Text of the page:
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The Best Bookstore in Venice, Italy
by Staff, Anthea Mitchell
Libreria Acqua Alta
 Libreria Acqua Alta

Off the mainland and amidst the tourist-filled canals and boat ways of Venice, is one of the more unique bookstores I’ve ever come across. So much of Venice is a crowded tourist filled din – albeit a beautiful one with gelato – that it’s nice to get off the street and find a quiet area for an hour.  There’s no better place than the Libreria Acqua Alta, a name that translates to something like “the high water library” as far as I could tell – though Italians and language learners alike may wince at my attempt. The name feels appropriate for the bookstore, however, because it opens up on the canal and is filled with both books, bathtubs, and boat. Actually, the books are in the bathtubs and boats more often than not, which forces one to sometimes dig (literally!) for a good book.

This shop can be found amidst a number of other bookstores, near the Basilica dei Santi Giovanni e Paolo , an art gallery, and the Biennale Gardens near the tip of the island. The bookstore is just a bit west of the gardens, but manages to be slightly outside of the busy tourist center of San Marco. While obviously worth visiting, the crush of people can be exhausting, and this is a great break for anyone of a literary bent and a little extra room in their bag.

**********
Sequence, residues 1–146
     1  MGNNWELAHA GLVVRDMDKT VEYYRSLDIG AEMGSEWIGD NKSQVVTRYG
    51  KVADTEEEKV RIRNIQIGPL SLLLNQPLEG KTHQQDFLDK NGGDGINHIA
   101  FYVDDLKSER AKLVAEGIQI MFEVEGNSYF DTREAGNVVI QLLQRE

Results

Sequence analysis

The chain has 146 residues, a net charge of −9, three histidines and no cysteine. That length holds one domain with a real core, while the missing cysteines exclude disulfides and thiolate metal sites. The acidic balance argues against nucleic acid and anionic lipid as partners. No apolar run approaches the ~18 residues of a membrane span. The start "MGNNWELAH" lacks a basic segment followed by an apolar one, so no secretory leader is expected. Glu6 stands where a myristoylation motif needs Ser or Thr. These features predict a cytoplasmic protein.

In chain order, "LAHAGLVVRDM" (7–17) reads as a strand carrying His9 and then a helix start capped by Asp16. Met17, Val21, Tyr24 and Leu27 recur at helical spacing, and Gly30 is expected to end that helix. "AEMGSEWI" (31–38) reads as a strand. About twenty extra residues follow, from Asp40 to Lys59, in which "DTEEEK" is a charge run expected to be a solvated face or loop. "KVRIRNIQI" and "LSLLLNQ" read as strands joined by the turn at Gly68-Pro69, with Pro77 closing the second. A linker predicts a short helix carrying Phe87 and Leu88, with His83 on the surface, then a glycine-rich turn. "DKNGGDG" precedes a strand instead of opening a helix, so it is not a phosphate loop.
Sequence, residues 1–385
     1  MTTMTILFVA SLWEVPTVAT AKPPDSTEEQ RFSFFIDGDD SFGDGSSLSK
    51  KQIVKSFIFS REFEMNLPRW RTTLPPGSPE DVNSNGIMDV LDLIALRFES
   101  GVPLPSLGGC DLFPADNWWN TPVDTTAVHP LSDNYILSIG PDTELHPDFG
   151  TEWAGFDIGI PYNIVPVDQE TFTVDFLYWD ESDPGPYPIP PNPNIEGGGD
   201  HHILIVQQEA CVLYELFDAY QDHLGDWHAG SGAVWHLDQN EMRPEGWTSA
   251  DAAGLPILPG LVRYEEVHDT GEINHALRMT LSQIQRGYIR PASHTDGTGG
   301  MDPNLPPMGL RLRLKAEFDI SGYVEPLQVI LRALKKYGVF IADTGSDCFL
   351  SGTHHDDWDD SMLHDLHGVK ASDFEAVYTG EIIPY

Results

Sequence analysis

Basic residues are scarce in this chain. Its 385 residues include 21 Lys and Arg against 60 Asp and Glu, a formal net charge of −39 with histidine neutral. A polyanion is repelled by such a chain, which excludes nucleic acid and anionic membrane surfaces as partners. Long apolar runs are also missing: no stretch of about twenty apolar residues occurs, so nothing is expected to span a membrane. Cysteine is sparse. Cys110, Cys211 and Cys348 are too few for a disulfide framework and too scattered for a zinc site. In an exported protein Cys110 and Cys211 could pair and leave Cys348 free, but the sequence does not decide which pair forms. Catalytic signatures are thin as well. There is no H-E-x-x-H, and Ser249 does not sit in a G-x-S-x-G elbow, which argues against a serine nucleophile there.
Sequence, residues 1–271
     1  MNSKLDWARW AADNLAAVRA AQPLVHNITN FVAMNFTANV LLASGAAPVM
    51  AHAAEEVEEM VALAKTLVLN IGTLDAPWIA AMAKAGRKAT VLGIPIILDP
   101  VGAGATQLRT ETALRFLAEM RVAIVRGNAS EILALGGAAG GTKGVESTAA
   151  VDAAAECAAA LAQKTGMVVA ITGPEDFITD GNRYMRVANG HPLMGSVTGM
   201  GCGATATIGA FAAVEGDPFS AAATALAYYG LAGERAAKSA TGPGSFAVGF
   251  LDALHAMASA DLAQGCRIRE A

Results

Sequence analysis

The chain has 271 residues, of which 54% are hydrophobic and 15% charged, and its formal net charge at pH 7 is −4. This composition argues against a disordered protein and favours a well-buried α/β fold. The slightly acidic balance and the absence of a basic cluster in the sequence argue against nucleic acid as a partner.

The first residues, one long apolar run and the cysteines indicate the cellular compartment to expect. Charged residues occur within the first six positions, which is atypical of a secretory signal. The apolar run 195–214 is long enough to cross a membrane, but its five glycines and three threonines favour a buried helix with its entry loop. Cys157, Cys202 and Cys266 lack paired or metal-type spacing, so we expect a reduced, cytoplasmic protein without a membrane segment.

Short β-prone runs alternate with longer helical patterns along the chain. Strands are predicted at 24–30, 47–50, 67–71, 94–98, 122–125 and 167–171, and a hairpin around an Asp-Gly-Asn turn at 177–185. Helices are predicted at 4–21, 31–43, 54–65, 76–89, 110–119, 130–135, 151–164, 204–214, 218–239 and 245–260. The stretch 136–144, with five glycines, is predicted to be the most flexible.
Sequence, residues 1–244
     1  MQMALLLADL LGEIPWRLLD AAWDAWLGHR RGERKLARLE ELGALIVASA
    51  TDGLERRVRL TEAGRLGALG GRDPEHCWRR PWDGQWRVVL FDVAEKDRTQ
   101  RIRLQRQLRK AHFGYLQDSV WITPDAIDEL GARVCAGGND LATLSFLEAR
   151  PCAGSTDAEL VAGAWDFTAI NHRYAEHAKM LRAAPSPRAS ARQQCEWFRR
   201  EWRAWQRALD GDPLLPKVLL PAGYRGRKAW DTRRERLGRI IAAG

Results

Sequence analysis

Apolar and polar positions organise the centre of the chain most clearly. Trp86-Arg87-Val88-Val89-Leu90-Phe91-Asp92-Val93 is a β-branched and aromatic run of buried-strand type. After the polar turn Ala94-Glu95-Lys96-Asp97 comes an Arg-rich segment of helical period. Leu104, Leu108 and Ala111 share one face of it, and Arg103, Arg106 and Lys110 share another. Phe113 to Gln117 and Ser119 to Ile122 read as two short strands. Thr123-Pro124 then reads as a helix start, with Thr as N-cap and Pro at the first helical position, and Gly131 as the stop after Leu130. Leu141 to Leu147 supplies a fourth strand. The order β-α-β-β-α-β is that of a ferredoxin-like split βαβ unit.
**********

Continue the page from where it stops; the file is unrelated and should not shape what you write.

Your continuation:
What the shop can’t claim in organization, it makes up for with style and artsy wares, as well as a wide collection of different types of distinctive old books. Some are in English, some are in German, but most are in Italian. If you want a copy of the new Dan Brown novel, this is probably not your best bet, but if you look around you’re likely to find something truly unique or worthy of comment, and the price for many of the books is quite reasonable, although not always clearly marked. The shop also sells pieces of art, making it a good place to look for souvenirs, although the price of these is slightly steeper.

While crowded with books, the store wasn’t overly tourist filled, at least when we visited, making it reasonable to sit and look through a book near the waterway window. And some of the books are really worth looking through, because many of them are used and vintage, and have funny little notes in Italian in the margins, or are clearly a well worn cookbook with bizarre recipes from 40 years ago. The street outside had other books and souvenirs for sale, and the neighborhood as a whole had a bookish feel, making it easy to pop outside and go next door if you can’t find what you’re looking for at the Libreria Acqua Alta.



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